Death notices would have been posted during 1894 for Charles Caldwell and Caesar H. Leguenec who, along with others during these early years, died of Typhoid Fever. These two men were only in their 20s at the time of their deaths. Occasionally, whole families would be stricken with this disease. Because whooping cough was prevalent that year, we would have heard the racking coughs of many pitiful, innocent children. These coughs would have been followed by desperate attempts by the victims to catch their breaths by inhaling deeply, hence the “whooping” sound.

In the distance we can hear the “tu-tu of the schooner man’s conch shell,” as well as the shrill whistle of the steamboat Alice LeBlanc. As it nears our location, we would begin to hear the incessant sound of the paddles slapping the water. On board, the captain or clerk would be shouting out orders as the boat neared the landing at the depot or at the one in the middle of the block between the bridge and Lafayette Street—about where the Wells Fargo building is located. However, that particular building would not be constructed until 1897. If the boat were to travel farther upstream, then we would hear the mechanical gears as the bridge was moved aside to allow passage of this vessel. On July 4, 1894, nearly 400 persons of all ages boarded the Alice LeBlanc, which transported them past this bridge to “Shady Grove,” about 10 miles upstream. There, a grand picnic, which included a rousing game of baseball, took place.

While we’re at the river, let me add that on June 17th, we could have witnessed the baptism of several of the “colored Baptists” by their preacher in a shallow part of the Vermilion River. While it can be friendly, the river has demonic undertows beneath its placid surface, and it has claimed numerous victims—from swimmers to those who had fallen overboard—over the years.

The Vermilion River, on days when it isn’t trying to escape its banks, looks today as it did back then. Depending on the angle of the sun, the pinpoints of light riding like surfers on the tops of the river’s ripples can number in the dozens or the hundreds. The location of these ripples is determined by the wind’s playfulness as it skims the surface of the water. At night, it is another story. Without light reflecting on it, the river flows by unseen, and only occasional liquid whispers alert us to its presence. At night, the blackness of the water blends in perfectly with the abyss of night. However, in the lights reflecting on the surface, the water seems to be a thin, oily substance sliding across a hard surface, ever morphing the shape of the reflections. So, in 1894, we might have seen the reflections of lanterns, torches or other fires at the residences of such families as Lugwig Sokoloski’s or David Frank’s across the river shining on the river’s nocturnal black surface.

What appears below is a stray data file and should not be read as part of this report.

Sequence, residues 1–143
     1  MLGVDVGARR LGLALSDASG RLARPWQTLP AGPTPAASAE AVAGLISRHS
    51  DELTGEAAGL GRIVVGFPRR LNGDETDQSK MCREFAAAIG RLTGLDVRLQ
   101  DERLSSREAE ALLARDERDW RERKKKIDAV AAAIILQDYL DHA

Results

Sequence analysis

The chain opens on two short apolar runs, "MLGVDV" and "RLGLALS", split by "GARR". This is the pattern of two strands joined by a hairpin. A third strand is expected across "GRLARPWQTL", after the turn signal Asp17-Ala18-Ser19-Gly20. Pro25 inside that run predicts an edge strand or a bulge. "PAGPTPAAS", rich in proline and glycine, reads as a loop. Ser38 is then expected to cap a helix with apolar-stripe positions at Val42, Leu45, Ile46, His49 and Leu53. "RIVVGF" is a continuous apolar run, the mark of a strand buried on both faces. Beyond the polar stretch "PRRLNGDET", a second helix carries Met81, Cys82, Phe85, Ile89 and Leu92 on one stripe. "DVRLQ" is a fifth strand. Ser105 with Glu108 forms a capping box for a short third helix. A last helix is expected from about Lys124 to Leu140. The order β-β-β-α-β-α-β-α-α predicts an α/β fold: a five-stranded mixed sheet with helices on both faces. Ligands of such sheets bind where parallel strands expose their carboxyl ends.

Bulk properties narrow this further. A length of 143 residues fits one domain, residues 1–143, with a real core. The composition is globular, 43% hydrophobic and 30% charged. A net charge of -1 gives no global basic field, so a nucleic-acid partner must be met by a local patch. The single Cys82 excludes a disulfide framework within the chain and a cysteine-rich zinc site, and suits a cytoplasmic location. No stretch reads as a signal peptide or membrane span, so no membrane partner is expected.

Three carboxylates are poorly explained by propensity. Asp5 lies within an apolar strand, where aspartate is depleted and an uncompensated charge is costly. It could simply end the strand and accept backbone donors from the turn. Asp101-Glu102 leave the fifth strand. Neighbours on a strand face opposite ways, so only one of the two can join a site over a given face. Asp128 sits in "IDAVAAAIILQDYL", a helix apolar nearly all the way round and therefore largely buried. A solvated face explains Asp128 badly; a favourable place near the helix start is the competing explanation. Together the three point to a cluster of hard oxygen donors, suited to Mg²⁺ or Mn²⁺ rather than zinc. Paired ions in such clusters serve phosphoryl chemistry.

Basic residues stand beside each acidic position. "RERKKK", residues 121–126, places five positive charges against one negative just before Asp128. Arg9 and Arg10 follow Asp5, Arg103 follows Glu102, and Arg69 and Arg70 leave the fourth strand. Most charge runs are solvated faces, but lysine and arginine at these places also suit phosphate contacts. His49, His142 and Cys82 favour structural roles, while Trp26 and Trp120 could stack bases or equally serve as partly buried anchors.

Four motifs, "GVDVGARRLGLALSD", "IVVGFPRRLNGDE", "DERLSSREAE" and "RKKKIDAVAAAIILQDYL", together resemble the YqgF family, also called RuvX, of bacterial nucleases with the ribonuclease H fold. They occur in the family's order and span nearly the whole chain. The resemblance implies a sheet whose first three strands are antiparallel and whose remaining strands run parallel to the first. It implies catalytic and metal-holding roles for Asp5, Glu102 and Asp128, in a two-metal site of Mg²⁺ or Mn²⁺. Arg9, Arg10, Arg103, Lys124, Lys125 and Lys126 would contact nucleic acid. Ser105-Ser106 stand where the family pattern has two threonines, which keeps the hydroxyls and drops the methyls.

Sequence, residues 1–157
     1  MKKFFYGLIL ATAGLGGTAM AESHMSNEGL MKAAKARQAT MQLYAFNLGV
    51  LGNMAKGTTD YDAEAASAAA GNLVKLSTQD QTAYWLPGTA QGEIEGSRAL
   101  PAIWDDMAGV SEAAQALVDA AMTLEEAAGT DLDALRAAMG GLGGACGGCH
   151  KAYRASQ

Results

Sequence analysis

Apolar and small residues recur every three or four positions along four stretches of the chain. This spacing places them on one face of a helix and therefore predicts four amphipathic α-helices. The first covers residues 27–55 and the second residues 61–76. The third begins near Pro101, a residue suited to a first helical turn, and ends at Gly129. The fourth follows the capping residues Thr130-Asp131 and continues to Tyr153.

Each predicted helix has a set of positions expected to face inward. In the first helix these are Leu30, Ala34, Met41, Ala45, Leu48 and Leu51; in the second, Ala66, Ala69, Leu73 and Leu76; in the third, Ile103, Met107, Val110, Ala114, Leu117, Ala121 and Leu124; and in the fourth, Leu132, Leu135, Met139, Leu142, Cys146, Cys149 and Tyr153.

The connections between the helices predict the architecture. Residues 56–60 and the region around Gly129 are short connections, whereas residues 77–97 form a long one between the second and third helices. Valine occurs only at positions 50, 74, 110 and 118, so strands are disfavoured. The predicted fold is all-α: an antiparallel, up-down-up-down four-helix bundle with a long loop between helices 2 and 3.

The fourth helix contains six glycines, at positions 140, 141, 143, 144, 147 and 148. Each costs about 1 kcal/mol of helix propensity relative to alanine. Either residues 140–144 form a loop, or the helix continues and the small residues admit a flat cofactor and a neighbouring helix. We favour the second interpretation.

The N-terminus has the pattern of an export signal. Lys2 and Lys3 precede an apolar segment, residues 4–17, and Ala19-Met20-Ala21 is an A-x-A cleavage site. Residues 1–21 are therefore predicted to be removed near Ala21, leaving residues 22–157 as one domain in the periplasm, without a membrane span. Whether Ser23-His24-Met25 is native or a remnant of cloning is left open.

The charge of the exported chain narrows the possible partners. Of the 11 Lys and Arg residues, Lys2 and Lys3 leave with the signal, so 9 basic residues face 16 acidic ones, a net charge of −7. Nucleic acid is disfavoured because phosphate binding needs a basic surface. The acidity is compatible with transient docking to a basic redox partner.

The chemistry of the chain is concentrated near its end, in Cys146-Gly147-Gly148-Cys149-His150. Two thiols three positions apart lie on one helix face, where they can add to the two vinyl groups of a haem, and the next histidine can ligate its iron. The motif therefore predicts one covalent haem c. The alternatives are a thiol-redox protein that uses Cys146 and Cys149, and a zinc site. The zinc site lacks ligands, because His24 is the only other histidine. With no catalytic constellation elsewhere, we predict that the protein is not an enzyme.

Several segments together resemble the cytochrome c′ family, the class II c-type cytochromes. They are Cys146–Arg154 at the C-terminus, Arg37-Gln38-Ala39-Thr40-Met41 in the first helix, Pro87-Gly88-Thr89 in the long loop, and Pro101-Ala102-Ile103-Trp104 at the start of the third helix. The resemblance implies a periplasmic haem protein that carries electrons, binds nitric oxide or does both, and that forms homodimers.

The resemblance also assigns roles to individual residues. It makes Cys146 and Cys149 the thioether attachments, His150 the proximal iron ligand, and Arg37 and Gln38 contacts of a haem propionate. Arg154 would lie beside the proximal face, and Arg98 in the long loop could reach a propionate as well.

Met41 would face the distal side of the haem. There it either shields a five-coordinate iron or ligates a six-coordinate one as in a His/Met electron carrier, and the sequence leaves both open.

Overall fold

Another site for action that year was near the depot. Train service had come to Abbeville in December 1892, only a short while ago. Therefore, the sounds of the trains’ whistles—mournful at times, sharp and piercing at other times—and the mechanical groans of the engine would have been relatively new and noticeable for most Abbevillians. Add to those sounds the noises coming from the wharf at the river, just to the west of the freight depot. There, hogsheads of sugar and molasses, bales of cotton, and sacks of rice would be unloaded from the boats for shipment by train.

Abbeville passenger depot

Railroad passenger depot

On July 8, 1894, this area became the hubbub of activity for hundreds of citizens and tourists. Early that morning over 500 excursionists—from Houma, Morgan City, Franklin, and New Iberia—boarded a special passenger train bound for our fair town. The visitors arrived at 12:30 p.m. under a hot, blazing sun and were greeted with the hospitality of grateful Abbevillians who must have prepared for days for this day’s events. Even a special platform was constructed near the depot so that those inclined to do so might let their feet and their souls follow the dictates of a lively band. The hotels, which had to have included the Veranda Hotel, were “open to the guests.” There was also entertainment for the sports-minded individuals among the visiting crowd. A baseball game was held on that hot, sweaty afternoon. The Abbeville team—possibly the one that met Jennings on the playing field—crushed the Morgan City team by a score of 17 to 1. What a long train ride home that must have been for the visiting team.

Before we leave the sights and sounds of Abbeville in 1894, imagine how aware we would be of the rain as it hit our roofs and slid down, splashing playfully into the cisterns, rain barrels, and newly-formed puddles.

There are other sights and sounds that you can imagine, but I hope that the ones that we’ve seen and heard today will give you a better realization and an appreciation of what our ancestors in Abbeville and in other small towns experienced shortly before the 20th Century. You should also have a better feeling for the nature of Abbeville’s physical characteristics.